Measuring Cognitive Function – New Results

March 29, 2010

ArithmeticTime.jpgAt QS Show&Tell #12 Seth Roberts quickly showed some of his latest results from his fascinating cognition experiments. We will have video of Seth’s talk up soon, but in the meantime I wanted to link to some additional explanation Seth has posted on his blog.

First, some background. At QS Show&Tell #2, Tim Lundeen described how he was using simple arithmetic problems to test his cognition. Lundeen used this method to explore of Seth’s ideas about flax seed oil. Lundeen found that 80mg of flax seed oil per day made him smarter.

Seth took up the “simple arithmetic” assay and tried his own version. He reported the results here.

Recently, Seth noticed mysterious improvement in his scores, and at the recent Show&Tell he shared his conclusion that eating butter makes his brain work better.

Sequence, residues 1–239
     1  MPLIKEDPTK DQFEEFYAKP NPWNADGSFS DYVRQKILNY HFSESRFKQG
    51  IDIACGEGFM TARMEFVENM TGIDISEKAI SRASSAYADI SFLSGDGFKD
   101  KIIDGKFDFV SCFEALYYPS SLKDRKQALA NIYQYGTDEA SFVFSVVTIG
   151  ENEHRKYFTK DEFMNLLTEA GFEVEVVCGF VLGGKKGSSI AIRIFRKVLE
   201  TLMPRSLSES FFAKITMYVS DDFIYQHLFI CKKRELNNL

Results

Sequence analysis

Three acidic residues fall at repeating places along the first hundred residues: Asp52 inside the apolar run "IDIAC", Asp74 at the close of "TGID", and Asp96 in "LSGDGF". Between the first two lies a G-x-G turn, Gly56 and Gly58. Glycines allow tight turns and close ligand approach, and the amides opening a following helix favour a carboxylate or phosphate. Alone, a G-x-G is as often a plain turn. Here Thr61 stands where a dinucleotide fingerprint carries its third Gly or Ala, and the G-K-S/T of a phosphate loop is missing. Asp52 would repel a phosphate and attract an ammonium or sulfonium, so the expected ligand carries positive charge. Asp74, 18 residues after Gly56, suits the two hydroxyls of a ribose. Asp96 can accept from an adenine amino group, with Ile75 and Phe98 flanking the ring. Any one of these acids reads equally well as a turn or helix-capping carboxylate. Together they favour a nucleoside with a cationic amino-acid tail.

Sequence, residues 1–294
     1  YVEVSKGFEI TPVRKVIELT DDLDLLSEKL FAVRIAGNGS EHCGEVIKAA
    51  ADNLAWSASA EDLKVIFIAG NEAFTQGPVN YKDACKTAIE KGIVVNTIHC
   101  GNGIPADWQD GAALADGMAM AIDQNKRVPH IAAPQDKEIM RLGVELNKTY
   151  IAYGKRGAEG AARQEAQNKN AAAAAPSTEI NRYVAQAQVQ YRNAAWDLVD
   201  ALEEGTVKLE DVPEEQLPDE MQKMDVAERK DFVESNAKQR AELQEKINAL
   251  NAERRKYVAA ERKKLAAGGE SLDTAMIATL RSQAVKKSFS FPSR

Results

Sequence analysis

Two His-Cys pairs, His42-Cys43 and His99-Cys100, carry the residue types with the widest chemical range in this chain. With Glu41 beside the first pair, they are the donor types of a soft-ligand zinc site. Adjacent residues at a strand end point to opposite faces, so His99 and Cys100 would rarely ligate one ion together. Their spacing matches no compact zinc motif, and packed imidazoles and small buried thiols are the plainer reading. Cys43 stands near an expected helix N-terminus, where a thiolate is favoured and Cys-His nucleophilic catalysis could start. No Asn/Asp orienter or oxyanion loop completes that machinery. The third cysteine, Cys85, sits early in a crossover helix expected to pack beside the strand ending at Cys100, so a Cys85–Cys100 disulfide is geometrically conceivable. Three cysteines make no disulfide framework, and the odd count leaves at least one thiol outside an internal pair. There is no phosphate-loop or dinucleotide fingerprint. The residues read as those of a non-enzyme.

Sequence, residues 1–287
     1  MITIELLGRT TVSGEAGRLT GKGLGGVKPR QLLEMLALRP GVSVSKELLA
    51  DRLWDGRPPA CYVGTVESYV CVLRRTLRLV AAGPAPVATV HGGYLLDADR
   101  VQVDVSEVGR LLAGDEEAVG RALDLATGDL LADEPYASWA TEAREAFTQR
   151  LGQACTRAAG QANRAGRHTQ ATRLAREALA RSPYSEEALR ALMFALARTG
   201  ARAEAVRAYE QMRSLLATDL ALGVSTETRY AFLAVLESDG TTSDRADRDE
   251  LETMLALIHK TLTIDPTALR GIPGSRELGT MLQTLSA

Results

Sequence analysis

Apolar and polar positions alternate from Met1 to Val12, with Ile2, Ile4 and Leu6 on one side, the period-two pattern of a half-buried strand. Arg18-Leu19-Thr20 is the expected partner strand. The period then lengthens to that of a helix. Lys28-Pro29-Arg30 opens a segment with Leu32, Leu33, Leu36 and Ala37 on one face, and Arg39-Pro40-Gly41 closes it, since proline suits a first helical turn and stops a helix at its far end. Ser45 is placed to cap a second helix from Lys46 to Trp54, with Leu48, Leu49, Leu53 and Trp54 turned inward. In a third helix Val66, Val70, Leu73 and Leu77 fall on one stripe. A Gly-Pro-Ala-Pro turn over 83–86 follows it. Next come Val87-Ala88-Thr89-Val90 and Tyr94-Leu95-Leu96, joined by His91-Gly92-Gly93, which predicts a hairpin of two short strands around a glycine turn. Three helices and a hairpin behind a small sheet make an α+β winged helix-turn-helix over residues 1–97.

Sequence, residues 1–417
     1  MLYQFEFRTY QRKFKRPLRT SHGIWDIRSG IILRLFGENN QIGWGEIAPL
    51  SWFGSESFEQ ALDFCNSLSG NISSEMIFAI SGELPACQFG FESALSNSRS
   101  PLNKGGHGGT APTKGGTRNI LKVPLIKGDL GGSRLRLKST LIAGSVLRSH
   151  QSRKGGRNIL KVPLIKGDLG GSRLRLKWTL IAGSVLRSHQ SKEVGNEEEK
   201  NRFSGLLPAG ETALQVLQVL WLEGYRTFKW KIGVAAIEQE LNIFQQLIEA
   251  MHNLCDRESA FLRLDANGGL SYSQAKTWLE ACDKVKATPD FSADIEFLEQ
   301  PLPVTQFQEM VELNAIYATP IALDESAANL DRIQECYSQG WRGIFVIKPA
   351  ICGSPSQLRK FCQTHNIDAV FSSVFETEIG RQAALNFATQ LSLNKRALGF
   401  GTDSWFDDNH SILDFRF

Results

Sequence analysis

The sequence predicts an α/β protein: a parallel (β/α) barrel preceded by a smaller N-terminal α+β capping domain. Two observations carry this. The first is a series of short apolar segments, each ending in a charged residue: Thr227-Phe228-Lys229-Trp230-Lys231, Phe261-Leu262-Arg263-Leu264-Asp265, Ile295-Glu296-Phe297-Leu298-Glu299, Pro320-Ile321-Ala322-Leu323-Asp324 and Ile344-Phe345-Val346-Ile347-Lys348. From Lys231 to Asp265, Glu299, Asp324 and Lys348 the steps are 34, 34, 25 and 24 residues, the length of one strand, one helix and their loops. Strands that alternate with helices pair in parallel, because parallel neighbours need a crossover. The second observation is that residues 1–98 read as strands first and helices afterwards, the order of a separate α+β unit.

During the question period, I asked Seth to explain why he felt that simple arithmetic tests were a good proxy for overall mental functioning. He answered briefly at the meeting, but has followed up with a longer post.

At the latest Quantified Self Meetup, I described my
recent arithmetic results
. Gary Wolf asked why I used arithmetic to
measure brain function.

The simplest answer is that it won a competition. I tried eight or so
different ways of measuring brain function and it was the best. I had
high hopes for all of the tests and spent a lot of time on most of them.
I hoped to find a test that was as fun as playing a game yet provided
the detailed and controlled info of a typical cognitive psychology task.
I didn’t quite get there.

The winning approach, Seth reports, had a shorter learning curve, was more portable, and had many other benefits. You can read more about it here.

I am still curious about this topic. A good proxy for overall brain function is a valuable tool of self-assessment.

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